The city of Wauwatosa will crack down on yard sales after staff members noticed a number of sales that lasted all summer long, said the city's Development Director Paulette Enders during a city committee meeting earlier this month.
"Most of them ended up not being rummage sales, they were commercial operations," Enders said of the "excessive" sale lengths, adding the sales often sold brand new products instead of personal property.
The Wauawatosa common council approved the creation of an ordinance Tuesday, Jan. 19, that sets stricter rules about the time and frequency of rummage sales.
New rummage sale rules
Under the new ordinance, strict hours of operation and a limit on how many sales allowed per residence every year would be put in place.
Rummage sales could only be held between 7 a.m. and 5 p.m., under the ordinance. All sales must be held on the seller's property and items for sale would have to be located at least five feet from the nearest lot line, under the proposed ordinance.
Alderman Craig Wilson questioned whether the 5 p.m. cutoff time was too early during a committee meeting held earlier this month. He suggested the hours be extended to later in the evening.
"If a rummage sale is held in the summer time, five o'clock seems like a short window," he said. "We have a lot of daylight here."
But Alderwoman Kathleen Causier said the 5 p.m. cutoff time was appropriate as many neighbors are likely tired of the added traffic congestion along residential streets by early evening.
Additionally, each residence could only hold three rummage sales in a calendar year, each lasting up to three days, according to the ordinance.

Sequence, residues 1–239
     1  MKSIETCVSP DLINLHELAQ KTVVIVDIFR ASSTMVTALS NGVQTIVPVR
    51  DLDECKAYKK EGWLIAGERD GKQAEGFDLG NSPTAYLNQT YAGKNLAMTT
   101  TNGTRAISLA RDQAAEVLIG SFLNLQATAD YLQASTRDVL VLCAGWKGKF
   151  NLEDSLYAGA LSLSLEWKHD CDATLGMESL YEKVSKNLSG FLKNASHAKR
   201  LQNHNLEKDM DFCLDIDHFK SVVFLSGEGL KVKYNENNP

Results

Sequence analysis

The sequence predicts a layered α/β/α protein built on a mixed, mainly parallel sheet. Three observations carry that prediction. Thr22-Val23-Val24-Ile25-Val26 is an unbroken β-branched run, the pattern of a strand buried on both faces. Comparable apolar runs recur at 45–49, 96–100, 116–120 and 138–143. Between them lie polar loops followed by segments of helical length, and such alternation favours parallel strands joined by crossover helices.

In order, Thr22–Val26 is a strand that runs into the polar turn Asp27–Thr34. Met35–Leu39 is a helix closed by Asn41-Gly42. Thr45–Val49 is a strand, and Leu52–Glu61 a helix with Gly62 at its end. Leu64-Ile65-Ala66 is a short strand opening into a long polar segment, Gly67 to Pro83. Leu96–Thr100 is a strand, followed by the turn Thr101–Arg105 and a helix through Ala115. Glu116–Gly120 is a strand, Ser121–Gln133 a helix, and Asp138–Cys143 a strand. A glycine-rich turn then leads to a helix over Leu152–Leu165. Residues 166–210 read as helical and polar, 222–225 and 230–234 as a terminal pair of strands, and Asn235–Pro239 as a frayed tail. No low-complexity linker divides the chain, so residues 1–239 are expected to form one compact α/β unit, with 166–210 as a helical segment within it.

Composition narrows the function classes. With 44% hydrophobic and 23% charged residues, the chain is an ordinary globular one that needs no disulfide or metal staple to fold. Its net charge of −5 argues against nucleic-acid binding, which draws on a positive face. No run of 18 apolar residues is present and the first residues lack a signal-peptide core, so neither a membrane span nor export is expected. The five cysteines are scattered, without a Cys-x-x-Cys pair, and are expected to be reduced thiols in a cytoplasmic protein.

Alderman Bobby Pantuso posed a hypothetical question during a committee meeting: "I die in January and my family has an estate sale. There's an estate sale at my house, it takes them three weekends to sell off all the stuff... new family moves in and at the beginning of September, they have a rummage sale, it's the same property. I mean, this is extreme, but would they be fined?"
Estate sales and rummage sales would both fall under the proposed ordinance as "residential premises."
City Attorney Alan Kesner said in that case, the city would have to use discretion.
The ordinance would also require that only one sign that reads "rummage sale," "garage sale," or something similar can be placed upon the property of the sale. Each sign cannot exceed 12 square feet in area, and it must be located at least five feet from the nearest lot line. Signs cannot be located on any property other than that of which the sale is being held.
"The reality is everybody puts signs (outside yards), is that realistic?" Alderman Matt Stippich asked about prohibiting yard sale signs outside properties.
The regulation gives the city the authority to remove the signs, Enders said.
All signs, regardless of location, must be removed within 24 hours of the close of the rummage sale, under the ordinance.
Anyone who violates or fails to comply with any part of the ordinance could be subject to a citation, under the proposed ordinance.
The city of Brookfield limits garage sales to a total of three in a calendar year, with the length of the sale not to exceed three days. West Allis allows that each residence can hold up to three sales per year, each not to exceed four consecutive days in length.